The number of fatalities recorded in road traffic accidents in the European Union (EU) is estimated to be around 25 000 in 2017, corresponding to 50 fatal accidents per million inhabitants according to date released today by Eurostat, the statistical office of the EU. The annual number of deaths on EU roads has been around 25 000 since 2013, after a steady decline from 43 000 in 2007.
According to Eurostat, passenger car deaths accounted for almost half (46%) of all fatal road accidents in 2017, followed by deaths of pedestrians (21%), motorcyclists (15%), bicyclists (8%) and deaths involving other forms of road transport (10%).
In the EU member states, Bulgaria ranks highest in the passenger car category with 64 deaths per million inhabitants (2016 data), which is almost six times the lowest rate, that of Malta (11, also 2016 data).
In Cyprus, a total of 10 such deaths have been recorded in 2016. For Greece the death toll was 340 for 2016 and 285 for 2017.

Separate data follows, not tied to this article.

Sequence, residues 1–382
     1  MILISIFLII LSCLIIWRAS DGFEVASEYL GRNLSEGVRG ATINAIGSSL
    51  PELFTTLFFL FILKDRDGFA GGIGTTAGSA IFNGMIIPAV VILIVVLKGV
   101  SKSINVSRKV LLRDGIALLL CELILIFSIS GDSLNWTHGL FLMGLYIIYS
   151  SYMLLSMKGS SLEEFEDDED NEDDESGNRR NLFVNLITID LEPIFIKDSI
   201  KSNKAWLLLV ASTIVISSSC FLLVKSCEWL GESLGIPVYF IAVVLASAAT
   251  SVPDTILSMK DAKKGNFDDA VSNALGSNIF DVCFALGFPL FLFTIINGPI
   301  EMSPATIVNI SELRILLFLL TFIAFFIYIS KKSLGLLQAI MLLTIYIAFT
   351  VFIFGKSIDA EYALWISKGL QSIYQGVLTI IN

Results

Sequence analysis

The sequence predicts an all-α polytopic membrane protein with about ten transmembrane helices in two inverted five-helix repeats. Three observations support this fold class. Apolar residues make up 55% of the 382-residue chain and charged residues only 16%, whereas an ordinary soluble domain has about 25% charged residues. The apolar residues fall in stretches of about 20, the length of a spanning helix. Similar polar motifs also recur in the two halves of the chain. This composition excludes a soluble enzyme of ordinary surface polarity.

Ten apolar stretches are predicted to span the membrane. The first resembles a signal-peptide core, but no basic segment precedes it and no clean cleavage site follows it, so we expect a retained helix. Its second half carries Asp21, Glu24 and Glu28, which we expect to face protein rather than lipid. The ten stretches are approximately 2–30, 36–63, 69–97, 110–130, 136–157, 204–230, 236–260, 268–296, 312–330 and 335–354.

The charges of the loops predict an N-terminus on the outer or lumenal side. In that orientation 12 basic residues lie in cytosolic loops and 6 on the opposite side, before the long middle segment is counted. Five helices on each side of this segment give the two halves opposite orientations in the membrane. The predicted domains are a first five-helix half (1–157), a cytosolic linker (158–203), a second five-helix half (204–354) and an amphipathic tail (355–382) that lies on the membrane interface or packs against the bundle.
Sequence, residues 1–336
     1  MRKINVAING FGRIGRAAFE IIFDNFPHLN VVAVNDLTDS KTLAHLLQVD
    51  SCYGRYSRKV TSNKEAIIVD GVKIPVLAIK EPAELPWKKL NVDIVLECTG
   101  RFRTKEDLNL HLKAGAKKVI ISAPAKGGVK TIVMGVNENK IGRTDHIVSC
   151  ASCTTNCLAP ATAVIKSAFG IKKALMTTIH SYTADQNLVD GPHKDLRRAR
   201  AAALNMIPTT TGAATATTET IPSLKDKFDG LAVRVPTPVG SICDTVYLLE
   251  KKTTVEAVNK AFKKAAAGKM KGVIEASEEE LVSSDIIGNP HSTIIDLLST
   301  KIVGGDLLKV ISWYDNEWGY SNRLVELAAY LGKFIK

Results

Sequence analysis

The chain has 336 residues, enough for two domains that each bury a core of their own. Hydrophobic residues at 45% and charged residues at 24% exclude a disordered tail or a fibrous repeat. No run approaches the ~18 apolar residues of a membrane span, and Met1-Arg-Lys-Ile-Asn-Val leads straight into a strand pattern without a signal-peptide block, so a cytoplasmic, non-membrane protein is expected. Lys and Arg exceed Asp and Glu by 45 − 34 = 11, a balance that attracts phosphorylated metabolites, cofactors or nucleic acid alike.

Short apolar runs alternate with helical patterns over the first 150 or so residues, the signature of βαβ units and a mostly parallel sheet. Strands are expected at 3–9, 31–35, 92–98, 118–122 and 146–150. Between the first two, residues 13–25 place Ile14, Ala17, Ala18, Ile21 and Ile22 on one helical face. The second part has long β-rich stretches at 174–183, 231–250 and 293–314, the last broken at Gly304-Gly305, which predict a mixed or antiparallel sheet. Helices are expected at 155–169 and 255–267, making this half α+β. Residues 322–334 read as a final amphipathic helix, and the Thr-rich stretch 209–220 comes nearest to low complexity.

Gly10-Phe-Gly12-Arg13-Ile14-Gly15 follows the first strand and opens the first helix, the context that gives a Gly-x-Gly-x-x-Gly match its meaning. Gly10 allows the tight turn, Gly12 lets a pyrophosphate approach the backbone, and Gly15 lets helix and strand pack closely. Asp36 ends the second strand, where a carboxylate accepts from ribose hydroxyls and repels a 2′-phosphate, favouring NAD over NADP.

More specifically, in Cyprus there were 54.2 road accident fatalities per 1 million inhabitants in 2016, out of which 11.8 in passenger cars, 7.1 in goods vehicles, 1.2 in buses and coaches 0.0 in bicycles 2.4 in mopeds, 11.8 on motorcycles, 16.5 for pedestrians and 3.5 by other means.
For Greece the same rate was 67.9 for 2017 out of which 26.5 in passenger cars, 6.1 in goods vehicles, 0.0 in buses and coaches, 1.0 in bicycles, 3.0 in mopeds, 20.1 on motorcycles, 11.0 for pedestrians and 0.3 by other means.
The rate of deaths among pedestrians in road traffic accidents is highest in Romania (37 deaths per million inhabitants) and lowest in Denmark (3).
Greece has the highest rate of fatalities in relation to motorcycle accidents (20 deaths per million inhabitants) in 2017. This contrasts with the situation in Bulgaria (2016 data) and Estonia, where the rate is zero.
Finally, regarding the number of cyclists killed in road accidents as a proportion of the population, the highest rate is in Romania (10 deaths per million inhabitants) and the lowest rate is zero, recorded in Cyprus (2016 data) and Luxembourg.